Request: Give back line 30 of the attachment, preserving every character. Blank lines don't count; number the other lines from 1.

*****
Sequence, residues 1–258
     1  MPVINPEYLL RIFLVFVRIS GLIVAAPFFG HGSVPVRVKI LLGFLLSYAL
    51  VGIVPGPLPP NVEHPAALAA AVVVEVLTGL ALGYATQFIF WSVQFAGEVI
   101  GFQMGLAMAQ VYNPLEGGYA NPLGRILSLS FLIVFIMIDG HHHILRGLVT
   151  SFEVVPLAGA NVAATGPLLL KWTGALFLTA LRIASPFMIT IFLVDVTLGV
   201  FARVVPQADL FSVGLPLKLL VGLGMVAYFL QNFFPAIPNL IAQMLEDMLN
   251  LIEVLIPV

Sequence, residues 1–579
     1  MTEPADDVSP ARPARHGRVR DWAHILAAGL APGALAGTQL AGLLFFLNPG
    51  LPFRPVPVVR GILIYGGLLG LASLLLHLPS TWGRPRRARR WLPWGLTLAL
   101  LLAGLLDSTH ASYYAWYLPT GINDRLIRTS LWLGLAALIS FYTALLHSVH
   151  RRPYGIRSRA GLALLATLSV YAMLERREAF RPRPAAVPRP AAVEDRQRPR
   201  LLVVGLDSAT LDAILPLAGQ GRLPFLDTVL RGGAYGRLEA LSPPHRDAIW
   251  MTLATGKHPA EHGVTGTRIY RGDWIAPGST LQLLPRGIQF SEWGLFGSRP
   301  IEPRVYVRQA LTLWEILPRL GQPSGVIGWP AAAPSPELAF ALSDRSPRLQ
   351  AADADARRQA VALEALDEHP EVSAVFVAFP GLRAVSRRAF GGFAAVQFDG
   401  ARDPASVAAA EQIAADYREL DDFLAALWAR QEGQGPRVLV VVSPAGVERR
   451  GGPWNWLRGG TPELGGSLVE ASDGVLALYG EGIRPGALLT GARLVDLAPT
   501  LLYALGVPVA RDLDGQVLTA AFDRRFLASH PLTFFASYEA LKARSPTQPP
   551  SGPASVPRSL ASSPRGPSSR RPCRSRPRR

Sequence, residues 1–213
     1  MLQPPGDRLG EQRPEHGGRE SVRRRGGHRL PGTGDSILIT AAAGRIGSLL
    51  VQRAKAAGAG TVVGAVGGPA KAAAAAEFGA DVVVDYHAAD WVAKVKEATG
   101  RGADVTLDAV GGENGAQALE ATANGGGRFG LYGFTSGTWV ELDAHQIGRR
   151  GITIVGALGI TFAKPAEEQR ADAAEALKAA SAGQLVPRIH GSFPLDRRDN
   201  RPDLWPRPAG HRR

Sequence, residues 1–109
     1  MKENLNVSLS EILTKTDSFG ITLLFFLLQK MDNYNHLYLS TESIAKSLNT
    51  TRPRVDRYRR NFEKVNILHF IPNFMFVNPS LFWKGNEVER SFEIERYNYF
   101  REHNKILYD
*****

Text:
   101  REHNKILYD